I still miss Suzanne Pleshette.
BLU-RAY REVIEW: Into the Woods
Blog, Movies, Music
Posted on Apr 21 2015 by Greg
Gene Kelly was once asked why musicals were no longer a staple of modern movies and he said something to the effect that “no one knows how to make them anymore.” (This was a short time after he appeared in Xanadu. Today, only a precious few know how to do it: the producers and director of Into the Woods.
This is as close as any contemporary movie has come to making a musical that most audiences can see—the caveat being that Into the Woods is a mature twist on fairy tale characters and not for the purist or the very young. Disney toned down the sequences with Red Riding Hood and the Wolf as well as the Baker’s Wife and Prince Charming to the point that things are very obtuse.
That all said, Into the Woods has a lot of comedy, one of Sondheim’s most melodic scores and a brisk pace (kudos to director Rob Marshall for that). And to be fair to the subject matter, one can watch the network series Once Upon a Time and see the evil Queen pulling hearts out of her victims and a naked-under-the-sheets Show White and Prince Charming interrupted in the middle of, as my dad used to call it, “spoo-ja-doo,” only to exuberantly resume after their company leaves.
A lot of attention has been awarded to the biggest stars of the film, so let’s focus on others who also deliver remarkable performances—no mean feat in a musical film, especially one with the challenging music and lyric structure of Sondheim.
James Corden is the emotional center of the film and the character with whom the audience most connects; Christine Baranski makes every syllable and gesture count as always as one of the big screen’s best evil Stepmothers and Tracey Ullmann brings superb comic timing to a somewhat thankless role (she and Baranski could have played any number of roles in this musical). As one of the stepsisters, the astonishing Tammy Blanchard makes one forget she also played Karen Carpenter and Judy Garland. Even Hagrid’s girlfriend turns up as the Giant’s Wife.
Once again, a modestly-budgeted movie proves that less money and tight time frames (and less indulegence) can result in fine, profitable films. The art direction and costuming has a painterly quality, very much as if it came from an Arthur Rackham book.
What Into the Woods is not is cozy and comfy. Yes, there are songs like “No One is Alone” that offer solace and reassurance, it’s almost an anti-fairy tale in the familiar sense (the original fairy tales were quite dark). Many, many messages flow out of the lyrics: “Life can be unpleasant you should know,” “I’m not good, I’m not nice, I’m just right” and “Nice doesn’t always mean good.”
The Blu-ray contains an audio commentary (thank you!) and several interesting behind-the-scenes vignettes, making this a fine package, especially when combined with the deluxe edition of the soundtrack (with all the songs and music).
DVD REVIEW: Paddington Bear Collectors Edition
Blog, Reviews, TV
Posted on Feb 13 2015 by Greg
With the popularity of Paddington in movie theaters, Mill Creek must have struck gold by releasing this DVD set of the little bear's two fine TV series set. The good news is that great value with excellent content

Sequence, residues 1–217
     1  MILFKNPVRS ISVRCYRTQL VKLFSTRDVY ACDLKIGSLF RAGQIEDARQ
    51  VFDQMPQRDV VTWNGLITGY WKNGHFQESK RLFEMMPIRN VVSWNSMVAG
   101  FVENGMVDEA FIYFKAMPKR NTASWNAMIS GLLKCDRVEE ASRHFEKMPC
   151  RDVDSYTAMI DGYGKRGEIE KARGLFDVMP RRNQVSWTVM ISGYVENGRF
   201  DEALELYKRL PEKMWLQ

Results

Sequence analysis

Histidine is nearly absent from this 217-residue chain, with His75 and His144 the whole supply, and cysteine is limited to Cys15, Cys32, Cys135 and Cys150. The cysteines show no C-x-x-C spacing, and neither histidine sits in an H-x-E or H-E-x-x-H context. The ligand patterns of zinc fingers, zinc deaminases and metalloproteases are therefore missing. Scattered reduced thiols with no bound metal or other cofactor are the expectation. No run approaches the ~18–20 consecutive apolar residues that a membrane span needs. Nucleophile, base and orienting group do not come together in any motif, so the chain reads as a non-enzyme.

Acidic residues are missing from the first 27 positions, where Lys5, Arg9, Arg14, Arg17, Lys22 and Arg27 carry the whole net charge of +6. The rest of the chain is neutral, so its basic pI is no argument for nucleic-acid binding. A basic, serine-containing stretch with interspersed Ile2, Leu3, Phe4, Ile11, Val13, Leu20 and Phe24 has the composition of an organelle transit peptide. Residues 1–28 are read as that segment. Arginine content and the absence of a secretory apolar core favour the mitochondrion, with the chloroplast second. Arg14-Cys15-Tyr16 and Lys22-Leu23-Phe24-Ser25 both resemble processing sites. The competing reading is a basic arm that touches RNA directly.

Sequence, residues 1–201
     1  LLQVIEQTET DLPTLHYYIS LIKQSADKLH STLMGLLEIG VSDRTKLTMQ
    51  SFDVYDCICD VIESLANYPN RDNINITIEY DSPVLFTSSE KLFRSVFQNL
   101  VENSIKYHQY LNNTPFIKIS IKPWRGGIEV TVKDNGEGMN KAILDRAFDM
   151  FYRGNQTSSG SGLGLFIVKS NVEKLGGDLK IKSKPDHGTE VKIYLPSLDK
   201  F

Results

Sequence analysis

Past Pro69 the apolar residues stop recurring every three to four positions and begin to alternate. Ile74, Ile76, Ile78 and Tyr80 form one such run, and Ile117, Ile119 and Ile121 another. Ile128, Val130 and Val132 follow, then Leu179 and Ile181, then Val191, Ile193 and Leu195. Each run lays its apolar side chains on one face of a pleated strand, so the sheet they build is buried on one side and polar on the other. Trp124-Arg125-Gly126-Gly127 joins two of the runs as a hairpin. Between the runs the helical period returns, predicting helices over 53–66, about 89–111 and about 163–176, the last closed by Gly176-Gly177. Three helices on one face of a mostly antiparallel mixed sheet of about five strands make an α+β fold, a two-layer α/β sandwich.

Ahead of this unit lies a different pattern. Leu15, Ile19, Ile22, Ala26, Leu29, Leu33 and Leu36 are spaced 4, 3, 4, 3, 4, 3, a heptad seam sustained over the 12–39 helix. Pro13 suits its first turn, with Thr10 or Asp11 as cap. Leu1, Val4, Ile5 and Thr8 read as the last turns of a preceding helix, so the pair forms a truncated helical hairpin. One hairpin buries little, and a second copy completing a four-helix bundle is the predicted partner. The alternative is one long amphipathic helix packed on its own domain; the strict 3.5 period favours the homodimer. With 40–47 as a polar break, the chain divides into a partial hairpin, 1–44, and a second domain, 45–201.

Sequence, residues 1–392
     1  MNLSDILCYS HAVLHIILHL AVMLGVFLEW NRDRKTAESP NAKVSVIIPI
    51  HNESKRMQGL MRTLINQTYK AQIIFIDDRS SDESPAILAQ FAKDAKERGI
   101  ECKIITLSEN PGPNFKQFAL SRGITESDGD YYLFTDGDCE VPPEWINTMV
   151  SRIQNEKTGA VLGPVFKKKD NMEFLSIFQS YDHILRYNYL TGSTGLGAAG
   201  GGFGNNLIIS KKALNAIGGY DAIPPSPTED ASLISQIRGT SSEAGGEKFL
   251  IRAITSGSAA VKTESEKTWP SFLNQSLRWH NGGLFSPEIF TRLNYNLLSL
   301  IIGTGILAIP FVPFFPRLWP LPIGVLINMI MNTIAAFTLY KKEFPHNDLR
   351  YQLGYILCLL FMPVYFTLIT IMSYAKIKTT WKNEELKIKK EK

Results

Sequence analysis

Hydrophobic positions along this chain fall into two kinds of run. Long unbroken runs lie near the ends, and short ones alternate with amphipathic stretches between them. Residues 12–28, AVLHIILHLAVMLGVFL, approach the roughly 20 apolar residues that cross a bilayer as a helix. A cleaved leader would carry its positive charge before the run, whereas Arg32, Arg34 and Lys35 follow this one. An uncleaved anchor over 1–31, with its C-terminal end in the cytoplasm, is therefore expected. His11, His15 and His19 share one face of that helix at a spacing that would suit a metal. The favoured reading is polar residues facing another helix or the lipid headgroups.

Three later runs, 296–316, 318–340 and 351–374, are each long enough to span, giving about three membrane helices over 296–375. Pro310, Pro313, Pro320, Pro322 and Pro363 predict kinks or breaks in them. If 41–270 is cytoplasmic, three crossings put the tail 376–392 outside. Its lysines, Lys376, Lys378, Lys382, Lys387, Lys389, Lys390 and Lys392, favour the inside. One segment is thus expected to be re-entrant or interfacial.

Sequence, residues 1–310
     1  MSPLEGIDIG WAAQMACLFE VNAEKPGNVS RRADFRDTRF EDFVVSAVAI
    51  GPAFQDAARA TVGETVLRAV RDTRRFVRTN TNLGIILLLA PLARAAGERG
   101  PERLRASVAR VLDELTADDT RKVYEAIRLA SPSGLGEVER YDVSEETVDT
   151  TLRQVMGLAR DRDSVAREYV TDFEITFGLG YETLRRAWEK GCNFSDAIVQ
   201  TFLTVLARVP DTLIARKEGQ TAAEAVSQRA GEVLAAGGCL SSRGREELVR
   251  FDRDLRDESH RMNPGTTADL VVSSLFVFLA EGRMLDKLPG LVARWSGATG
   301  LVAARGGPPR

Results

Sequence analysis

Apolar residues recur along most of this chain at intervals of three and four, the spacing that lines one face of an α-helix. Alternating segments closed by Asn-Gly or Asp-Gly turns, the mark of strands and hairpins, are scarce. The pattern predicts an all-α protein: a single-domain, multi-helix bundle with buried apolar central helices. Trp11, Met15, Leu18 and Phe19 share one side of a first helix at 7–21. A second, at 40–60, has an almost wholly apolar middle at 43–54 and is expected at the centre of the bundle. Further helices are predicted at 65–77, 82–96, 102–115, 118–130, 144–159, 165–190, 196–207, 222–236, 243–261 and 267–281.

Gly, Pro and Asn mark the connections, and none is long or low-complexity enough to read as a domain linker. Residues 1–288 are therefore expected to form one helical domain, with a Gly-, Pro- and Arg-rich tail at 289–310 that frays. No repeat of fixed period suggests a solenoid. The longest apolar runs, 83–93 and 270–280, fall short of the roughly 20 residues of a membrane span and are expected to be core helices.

The complete 1975 stop-motion British animated TV series is presented, along with three specials. It was produced by Filmfair, which also made the clever short cartoon series, "Simon in the Land of Chalk Drawings" that you may remember as a Captain Kangaroo
cartoon segment or a Saturday Night Live
spoof with Mike Myers.
Each of the 56 episodes of this series runs about five minutes and is unique in that Paddington and his immediate props are three-dimensional puppets while the other characters are "replacement animation" cutouts that had been draws in various poses, then cut out, positioned and replaced for each of its movements, which are minimal. The background all have a papery hand-drawn look as well, very much as if the book has come to life.
While these are very low-budget cartoons and the catchy theme music tends to become overused, they're not short on charm. The short length allows for very simple stories that are very faithful to the books but not necessarily word-for-word adaptations. Legendary British actor Michael Hordern (Alice's Adventures in Wonderland, The Slipper and the Rose
) is perfection as the narrator.
The three specials are about 20-25 minutes each. The highlight -- and reason alone to check out this set -- is the first special, Paddington Goes to the Movies, in which the little bear duplicates Gene Kelly's dance from "Singin' in the Rain" as the soundtrack plays!
The third disc contains 13 episodes from the 2008 Canadian/ French cel-animated series, previously aired on PBS and various cable channels. This series is more contemporary than the earlier one, with light jazz music that includes a larger variety of themes and several amusing songs. Each half hour show contains two segments that take several of Michael Bond's stories and expand upon them. Perhaps not as traditional at the 1975 series, this version is more akin to what currently runs on TV for young children.
This is a wonderful way to gear up for the day when the recent hit movie hits the store shelves.
BLU-RAY REVIEW: Three Studio Ghibli Blu-ray Premieres
Blog, Reviews, Movies
Posted on Feb 03 2015 by Greg